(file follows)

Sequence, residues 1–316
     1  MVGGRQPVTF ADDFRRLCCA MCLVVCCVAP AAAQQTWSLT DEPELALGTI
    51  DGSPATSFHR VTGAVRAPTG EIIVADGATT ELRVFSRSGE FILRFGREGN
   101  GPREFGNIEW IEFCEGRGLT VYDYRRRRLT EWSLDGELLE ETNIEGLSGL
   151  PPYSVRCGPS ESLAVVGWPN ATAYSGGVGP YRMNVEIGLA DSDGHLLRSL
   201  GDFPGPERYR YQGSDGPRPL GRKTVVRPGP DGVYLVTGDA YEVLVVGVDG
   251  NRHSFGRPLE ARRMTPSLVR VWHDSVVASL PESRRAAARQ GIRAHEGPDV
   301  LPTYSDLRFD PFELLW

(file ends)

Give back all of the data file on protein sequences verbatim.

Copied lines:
Sequence, residues 1–316
     1  MVGGRQPVTF ADDFRRLCCA MCLVVCCVAP AAAQQTWSLT DEPELALGTI
    51  DGSPATSFHR VTGAVRAPTG EIIVADGATT ELRVFSRSGE FILRFGREGN
   101  GPREFGNIEW IEFCEGRGLT VYDYRRRRLT EWSLDGELLE ETNIEGLSGL
   151  PPYSVRCGPS ESLAVVGWPN ATAYSGGVGP YRMNVEIGLA DSDGHLLRSL
   201  GDFPGPERYR YQGSDGPRPL GRKTVVRPGP DGVYLVTGDA YEVLVVGVDG
   251  NRHSFGRPLE ARRMTPSLVR VWHDSVVASL PESRRAAARQ GIRAHEGPDV
   301  LPTYSDLRFD PFELLW